DESIGN / FEATURE
“There is no evidence that Churchill and Beaverbrook ever discussed the festival – by all accounts Churchill just wasn’t that interested”
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critical shrug – the Independent Group’s influence already pervaded architecture, epitomised by the shuttered-concrete South Bank Centre rising alongside the Festival Hall. Yet given the profession’s mid-1970s crisis, A Tonic to the Nation proved an ideal vehicle to renew claims to victimhood – heroic tales of modernist rigour and establishment enmity flattered its vanity far too much to be seriously interrogated. Even today, broadsheet journalists repeat them faithfully, convinced they are engaged in some novel act of iconoclasm, now spiced up with a quote from Churchill describing the festival as ‘three-dimensional socialist propaganda’ that seems to be absent from any contemporary source. In contrast, attempts to empathise with the festival’s mind-set are dismissed as ‘dewy-eyed’.
Even so, new perspectives are emerging from academics such as Alayna Heinonen, Iain Wilton and Becky Conekin. Digging into the festival’s displays (a challenge often shirked) has raised important questions around the determinedly domestic role allotted to women; the suppression of Victorian industrial and urban achievements for an essentially bucolic, libertarian English identity; problematic tributes to exploration and discovery, couched in deliberately ambiguous language; and the failure to celebrate post-Norman immigrant communities, despite their vital role in the festival’s architecture and design.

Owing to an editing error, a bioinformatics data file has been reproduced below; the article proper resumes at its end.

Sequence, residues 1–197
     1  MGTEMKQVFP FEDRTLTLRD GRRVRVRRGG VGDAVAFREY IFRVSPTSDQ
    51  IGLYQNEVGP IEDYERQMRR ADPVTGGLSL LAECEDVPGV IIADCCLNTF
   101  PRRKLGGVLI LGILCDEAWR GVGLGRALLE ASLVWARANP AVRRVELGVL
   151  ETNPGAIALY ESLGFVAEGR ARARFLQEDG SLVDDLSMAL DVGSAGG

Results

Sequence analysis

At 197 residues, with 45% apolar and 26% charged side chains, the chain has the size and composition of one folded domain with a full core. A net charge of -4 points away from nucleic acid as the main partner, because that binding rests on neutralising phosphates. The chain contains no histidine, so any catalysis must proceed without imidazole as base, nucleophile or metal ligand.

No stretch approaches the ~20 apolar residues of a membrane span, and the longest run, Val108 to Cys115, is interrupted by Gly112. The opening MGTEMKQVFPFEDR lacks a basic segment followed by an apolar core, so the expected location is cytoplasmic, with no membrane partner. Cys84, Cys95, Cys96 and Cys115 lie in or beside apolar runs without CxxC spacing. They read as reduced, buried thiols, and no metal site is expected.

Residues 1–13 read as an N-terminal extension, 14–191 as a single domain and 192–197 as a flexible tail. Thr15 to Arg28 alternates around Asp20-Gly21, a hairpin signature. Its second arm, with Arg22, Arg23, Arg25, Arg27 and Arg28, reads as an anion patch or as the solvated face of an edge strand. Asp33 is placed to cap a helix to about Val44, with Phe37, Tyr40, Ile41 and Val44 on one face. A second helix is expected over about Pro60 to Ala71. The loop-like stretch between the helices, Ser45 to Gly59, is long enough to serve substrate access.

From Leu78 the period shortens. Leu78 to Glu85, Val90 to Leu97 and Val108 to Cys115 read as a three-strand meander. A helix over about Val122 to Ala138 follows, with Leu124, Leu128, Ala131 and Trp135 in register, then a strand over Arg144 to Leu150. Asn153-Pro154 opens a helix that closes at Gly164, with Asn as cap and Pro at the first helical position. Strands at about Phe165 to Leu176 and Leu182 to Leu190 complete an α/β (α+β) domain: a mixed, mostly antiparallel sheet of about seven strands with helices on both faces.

It has also become clear that the mainstream press, bar Beaverbrook, was vigorous in its support of the festival, as were most Conservatives, particularly within Parliament – Attlee even wrote to thank Churchill for his backing. There is no evidence that Churchill and Beaverbrook ever discussed the festival, nor is it mentioned in Churchill’s copious correspondence with Beaverbrook’s editors – by all accounts he just wasn’t that interested. Almost all of the government’s proposals regarding the festival were approved in Parliament ‘on the nod’. The one defeat, on Sunday opening at Battersea’s pleasure gardens, came courtesy of a ‘sabbatarian, anti-hedonist lobby’ (in Forty’s words; however, he fails to mention that this included 144 Labour MPs).
Nor was the clearance of the South Bank a Conservative initiative, despite the new minister of works, David Eccles, pushing for haste, stating that he did not want to be ‘caretaker of empty and deteriorating structures’. The decision not to extend the festival had been taken three months earlier under Labour, with a Demolition Working Party instructed to clear the site by the end of the year, backed by London County Council. Staff were laid off, auctions prepared, bulldozers sent in and a large
ABOVE The Lion and Unicorn Pavilion designed by RD Russell and RY Goodden (1951). The murals were intended to capture a sense of British eccentricity